Fruit not maturing on cherry tree

Discussion in 'Fruit and Nut Trees' started by randbguy, Jun 12, 2007.

  1. randbguy

    randbguy Member

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    Re: No fruit on cherry tree

    Hello all, this is my first post and I am very anxious to get some good advice for a similar problem I am having. I too have bought a house with a mature cherry tree close to the house. This is the fourth year and fruit production still isn't looking very good! The first season was a shock as the tree prodeced lots of blossoms and there were bees around. I looked forward to some nice cherries but only got one or two, and the birds ate those. Next season, same thing but I put a bag over two of them and was able to determine that they were the sour variety. I had heard that the nitrogen in lawn fertilizer has a negative inluence on fruit production so I stayed 5 feet back from the drip line with the lawn fertilizer, and I pruned the tree quite a bit to improve the shape and height, and air circlation, I also used dormant oil and lime sulphur before the buds opened, before the third season started. . Still no luck!! This year things were looking pretty good, not fantastic but I'd say 1/3 of the blossoms started to make little cherries, finnally! Now, of those budding cherries, about 95% are turning yellow and dropping. NUTS!!! I did give it a 4 hour dribble watering just after the blossoms, as we had no rain for 10 days and things were drying up. I have mulch and pine bark on top of that for a 6' diamiter around the tree. Thanks so much for any advice you can give me! I have a couple of pictures too.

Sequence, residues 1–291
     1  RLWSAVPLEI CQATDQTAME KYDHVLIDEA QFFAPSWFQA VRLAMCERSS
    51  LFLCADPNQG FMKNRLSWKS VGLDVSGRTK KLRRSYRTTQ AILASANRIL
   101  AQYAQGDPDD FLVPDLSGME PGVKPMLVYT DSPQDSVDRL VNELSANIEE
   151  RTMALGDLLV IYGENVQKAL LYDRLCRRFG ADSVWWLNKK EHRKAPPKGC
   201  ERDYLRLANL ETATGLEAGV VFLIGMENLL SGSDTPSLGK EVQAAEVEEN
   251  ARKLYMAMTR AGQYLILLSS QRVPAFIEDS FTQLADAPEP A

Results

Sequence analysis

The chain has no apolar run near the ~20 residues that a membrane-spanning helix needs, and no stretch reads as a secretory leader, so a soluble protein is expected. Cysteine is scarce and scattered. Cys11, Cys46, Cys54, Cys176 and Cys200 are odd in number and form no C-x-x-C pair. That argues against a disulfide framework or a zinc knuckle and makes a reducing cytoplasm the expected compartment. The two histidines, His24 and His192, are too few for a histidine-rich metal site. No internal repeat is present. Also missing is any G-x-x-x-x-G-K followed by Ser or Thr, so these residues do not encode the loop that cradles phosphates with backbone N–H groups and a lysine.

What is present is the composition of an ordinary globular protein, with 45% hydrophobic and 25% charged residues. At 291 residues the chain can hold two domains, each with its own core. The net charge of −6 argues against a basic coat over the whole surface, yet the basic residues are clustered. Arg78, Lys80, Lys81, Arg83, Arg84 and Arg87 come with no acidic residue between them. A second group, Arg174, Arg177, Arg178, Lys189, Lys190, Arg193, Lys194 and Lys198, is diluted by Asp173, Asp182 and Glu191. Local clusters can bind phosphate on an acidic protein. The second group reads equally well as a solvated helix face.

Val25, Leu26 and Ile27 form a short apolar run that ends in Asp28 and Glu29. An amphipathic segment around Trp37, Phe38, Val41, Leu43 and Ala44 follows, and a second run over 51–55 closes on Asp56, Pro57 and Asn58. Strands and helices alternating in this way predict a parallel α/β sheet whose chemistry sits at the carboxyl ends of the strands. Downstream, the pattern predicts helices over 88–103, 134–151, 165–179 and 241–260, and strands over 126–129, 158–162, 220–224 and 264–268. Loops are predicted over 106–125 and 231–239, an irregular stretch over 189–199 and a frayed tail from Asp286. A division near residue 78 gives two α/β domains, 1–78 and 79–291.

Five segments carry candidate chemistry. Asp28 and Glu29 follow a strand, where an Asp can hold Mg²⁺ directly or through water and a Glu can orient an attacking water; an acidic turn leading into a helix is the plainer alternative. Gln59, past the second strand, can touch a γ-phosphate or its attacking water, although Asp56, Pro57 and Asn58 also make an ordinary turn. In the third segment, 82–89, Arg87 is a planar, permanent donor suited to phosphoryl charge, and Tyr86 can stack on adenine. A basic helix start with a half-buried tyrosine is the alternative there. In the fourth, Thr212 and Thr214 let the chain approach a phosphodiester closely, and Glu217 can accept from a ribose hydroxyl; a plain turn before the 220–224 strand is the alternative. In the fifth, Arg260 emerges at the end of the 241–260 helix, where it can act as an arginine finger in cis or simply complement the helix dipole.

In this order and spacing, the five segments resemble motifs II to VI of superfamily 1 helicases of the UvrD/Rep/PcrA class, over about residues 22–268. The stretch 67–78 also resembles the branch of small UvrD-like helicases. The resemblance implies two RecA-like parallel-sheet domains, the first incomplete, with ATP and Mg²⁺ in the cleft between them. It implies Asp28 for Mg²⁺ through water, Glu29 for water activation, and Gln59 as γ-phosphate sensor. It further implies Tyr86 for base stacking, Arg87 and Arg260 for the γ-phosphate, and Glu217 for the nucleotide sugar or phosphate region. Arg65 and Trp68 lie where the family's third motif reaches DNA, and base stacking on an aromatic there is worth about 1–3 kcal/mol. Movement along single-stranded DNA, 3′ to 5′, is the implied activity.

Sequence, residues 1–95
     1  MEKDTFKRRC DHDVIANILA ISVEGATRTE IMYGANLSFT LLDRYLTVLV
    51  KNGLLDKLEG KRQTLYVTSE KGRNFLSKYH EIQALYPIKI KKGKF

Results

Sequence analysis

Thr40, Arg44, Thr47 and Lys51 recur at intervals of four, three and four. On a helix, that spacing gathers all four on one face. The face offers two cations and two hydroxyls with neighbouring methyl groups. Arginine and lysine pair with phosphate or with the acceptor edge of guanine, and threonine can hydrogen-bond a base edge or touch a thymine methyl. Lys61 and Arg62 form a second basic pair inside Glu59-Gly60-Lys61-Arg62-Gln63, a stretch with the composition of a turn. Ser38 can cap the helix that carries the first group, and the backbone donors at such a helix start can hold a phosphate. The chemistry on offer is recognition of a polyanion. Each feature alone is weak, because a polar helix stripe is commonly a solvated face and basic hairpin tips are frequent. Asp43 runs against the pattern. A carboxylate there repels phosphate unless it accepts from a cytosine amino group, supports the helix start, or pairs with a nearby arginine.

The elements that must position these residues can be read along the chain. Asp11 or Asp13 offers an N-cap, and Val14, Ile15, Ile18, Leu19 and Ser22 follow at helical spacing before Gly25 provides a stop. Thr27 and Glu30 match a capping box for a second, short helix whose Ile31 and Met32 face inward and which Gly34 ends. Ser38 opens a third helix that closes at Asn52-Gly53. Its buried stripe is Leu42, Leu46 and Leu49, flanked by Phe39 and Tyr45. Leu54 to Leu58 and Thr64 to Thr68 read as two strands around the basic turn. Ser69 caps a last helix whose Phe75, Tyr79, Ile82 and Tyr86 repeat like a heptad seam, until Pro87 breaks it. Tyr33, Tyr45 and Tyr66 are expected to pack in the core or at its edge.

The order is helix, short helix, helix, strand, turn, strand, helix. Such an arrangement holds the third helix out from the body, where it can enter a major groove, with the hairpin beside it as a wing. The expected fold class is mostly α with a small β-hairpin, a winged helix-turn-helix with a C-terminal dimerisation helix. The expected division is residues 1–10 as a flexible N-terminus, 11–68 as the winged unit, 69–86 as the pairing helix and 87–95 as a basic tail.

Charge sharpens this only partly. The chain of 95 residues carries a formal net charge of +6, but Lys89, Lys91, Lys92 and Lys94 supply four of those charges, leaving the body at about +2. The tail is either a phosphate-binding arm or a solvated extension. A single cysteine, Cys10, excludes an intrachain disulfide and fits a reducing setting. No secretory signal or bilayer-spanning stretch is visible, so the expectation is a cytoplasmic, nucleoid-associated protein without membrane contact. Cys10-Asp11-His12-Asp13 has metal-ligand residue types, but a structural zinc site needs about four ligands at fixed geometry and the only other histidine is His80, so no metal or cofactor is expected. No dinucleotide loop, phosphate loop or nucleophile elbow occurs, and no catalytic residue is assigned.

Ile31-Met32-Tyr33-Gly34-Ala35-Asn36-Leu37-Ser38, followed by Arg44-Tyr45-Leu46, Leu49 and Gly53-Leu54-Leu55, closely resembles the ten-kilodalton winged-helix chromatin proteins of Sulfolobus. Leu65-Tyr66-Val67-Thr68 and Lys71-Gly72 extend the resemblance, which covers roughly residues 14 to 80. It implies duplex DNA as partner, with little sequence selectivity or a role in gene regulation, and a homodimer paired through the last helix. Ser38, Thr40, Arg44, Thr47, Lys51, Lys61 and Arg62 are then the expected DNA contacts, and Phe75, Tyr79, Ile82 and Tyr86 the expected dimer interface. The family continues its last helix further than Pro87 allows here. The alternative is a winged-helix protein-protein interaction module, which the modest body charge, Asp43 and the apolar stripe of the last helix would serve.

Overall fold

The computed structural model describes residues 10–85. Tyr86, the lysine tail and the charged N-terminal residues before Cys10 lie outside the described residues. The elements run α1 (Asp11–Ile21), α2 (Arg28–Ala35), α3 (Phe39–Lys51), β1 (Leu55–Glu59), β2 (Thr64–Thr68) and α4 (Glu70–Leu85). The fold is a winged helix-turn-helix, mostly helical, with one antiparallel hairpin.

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  2. Daniel Mosquin

    Daniel Mosquin Esteemed Contributor UBC Botanical Garden Forums Administrator Forums Moderator 10 Years

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    Did you notice a lot of bees this year?
     
  3. randbguy

    randbguy Member

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    Not a plethora but there were bees for sure. My neighbour says that fruit trees need a lot of pollenation and that if there were lots of bees I'd have lots of cherries. Is this true? I thought that like mamals only one grain would do the trick. Something else I didn't mention, the tree is generating quite a bit of new growth right now, so I'm guessing that the focus has changed to growth and thats why most of the fruit is withering. Should I try to get some bees for next season?

    Thanks all!
     
  4. biggam

    biggam Active Member

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    You said you managed to get a few fruit in past years, so my question: is it a morello or amarelle type -- the former being of dark-colored skin and juice, the latter with colorless juice? 'Montmorency', for example, is an amarelle and often planted in solid blocks, as it is self-fruitful. Morello types, broadly speaking, may be more likely to be self-incompatible. However, maybe this isn't the problem, since small fruits do begin to develop.